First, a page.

On July 3, 2010, Wing Cmdr (Retd) Joseph Henry passed away leaving a large void in many people's lives.
How does one describe Henry, as we called him, even though we should actually have called him Joseph? A friend, philosopher, conscience keeper, one man social service organsiation, patriot, straight shooting critic of anything he found worthy of criticism and at the same time capable of large hearted, generous praise when something or someone deserved it? He was all that and more. He was someone most people would be proud to call a friend and eventually thankful that he was their friend.
When Henry joined our team, his name facinated me. What better name for an electrical engineer, I wondered.
When I met him first, his tall straight lean figure, excellent manners, wonderful smile attracted me to him right away. I thought that he looked like Omar Sheriff. I was, however, disappointed that the he did not respond warmly to my friendly overtures. He was distant and that disturbed me. I make friends easily and here was someone who was not willing. I left it at that. Later, I realised that it was a key to his personality.
I was at that time in some kind of managerial role in our team. I had no fancy title or anything. Henry, however, viewed me with suspicion or he did not want to be seen as being close to the management figure! Either way it was a key to what he was. He thawed and became a good friend later, when I no longer had that role. Then on, he was a whole hearted friend.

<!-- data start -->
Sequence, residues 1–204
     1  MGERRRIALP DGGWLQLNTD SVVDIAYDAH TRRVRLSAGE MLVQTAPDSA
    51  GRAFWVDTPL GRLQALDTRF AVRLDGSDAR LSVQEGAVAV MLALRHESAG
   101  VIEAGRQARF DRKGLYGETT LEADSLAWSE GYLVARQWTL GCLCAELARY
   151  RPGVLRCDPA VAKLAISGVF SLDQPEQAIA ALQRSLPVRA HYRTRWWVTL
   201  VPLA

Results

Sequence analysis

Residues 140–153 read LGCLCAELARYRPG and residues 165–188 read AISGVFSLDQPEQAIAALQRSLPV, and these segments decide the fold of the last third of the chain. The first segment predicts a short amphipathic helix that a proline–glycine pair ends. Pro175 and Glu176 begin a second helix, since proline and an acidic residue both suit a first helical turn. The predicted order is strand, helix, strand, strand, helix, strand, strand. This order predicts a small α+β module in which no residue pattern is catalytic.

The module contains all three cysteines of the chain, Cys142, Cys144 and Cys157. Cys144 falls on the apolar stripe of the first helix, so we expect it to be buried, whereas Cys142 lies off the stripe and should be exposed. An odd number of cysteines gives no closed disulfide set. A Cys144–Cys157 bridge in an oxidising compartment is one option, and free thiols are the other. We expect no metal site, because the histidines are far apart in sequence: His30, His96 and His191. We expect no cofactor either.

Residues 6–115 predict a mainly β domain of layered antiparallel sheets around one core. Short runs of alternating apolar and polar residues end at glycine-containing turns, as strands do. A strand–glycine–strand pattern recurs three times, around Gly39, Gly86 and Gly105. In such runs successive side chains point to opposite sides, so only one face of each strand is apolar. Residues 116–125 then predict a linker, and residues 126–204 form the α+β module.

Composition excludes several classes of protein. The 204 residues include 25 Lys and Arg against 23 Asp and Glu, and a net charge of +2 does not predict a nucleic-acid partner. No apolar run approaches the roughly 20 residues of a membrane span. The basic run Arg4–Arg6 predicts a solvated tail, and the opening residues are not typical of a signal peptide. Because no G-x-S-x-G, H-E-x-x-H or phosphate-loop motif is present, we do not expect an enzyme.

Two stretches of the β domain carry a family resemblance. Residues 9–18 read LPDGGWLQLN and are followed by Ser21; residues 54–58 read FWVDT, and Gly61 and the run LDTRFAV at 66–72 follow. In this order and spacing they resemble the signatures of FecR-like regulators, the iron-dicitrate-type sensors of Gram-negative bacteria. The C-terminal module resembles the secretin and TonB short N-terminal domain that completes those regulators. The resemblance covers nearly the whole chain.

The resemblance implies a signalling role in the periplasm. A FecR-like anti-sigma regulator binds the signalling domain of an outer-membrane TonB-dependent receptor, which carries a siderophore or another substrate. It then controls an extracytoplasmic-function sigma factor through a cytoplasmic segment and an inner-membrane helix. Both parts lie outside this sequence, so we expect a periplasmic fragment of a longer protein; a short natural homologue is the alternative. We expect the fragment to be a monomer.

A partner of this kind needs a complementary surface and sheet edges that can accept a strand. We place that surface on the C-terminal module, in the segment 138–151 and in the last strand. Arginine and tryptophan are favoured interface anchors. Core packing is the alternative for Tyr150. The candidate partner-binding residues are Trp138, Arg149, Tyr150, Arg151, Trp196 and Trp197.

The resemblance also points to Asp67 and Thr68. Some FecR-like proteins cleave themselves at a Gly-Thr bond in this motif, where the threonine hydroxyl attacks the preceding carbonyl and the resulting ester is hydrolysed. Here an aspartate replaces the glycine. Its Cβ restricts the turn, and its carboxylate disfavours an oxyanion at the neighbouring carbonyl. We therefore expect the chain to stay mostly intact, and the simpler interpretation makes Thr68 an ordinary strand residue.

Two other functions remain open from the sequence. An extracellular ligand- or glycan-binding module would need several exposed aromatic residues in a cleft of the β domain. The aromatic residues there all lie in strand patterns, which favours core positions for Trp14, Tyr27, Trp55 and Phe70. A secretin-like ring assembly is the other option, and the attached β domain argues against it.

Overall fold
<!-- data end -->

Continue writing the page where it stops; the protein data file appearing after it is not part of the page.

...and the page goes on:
We spent many a coffee break together - on an average two a day. The conversation was always warm and interesting, thanks to him. He was deeply fascinated by Hindu mythology and philosophy. He was full of questions about it and trying to answer and satisfy his curiosity I learnt a lot more about it than I would otherwise have.
I said that he was a one man social service organisation. He was always at hand at occasions related to innumerable people - good, bad, sad - whatever the occasion may be. All the retired air force officers in Bangalore were practically his extended family. He would unhesitatingly go all out to help them in their hour of need. In his typical way he often referred to "vishwakutumbam" and in that spirit he was a citizen of the world.
He was a patriot in the larger sense of the word. Not the jingoistic kind. Petty regionalism elicited utter contempt from him. So did petty religious divisions and false claims of superiority because of caste and such. If he called someone a "fraaaaaud" you knew where the man stood in Henry's estimate.
He was a proud Malayalee proud of his non malayalee_ness - never wore lungis, for instance.
This is an unfulfilling attempt at describing and mourning a friend, a colleague and a good man. The last is a description that Henry richly deserved and would be truly happy and proud about.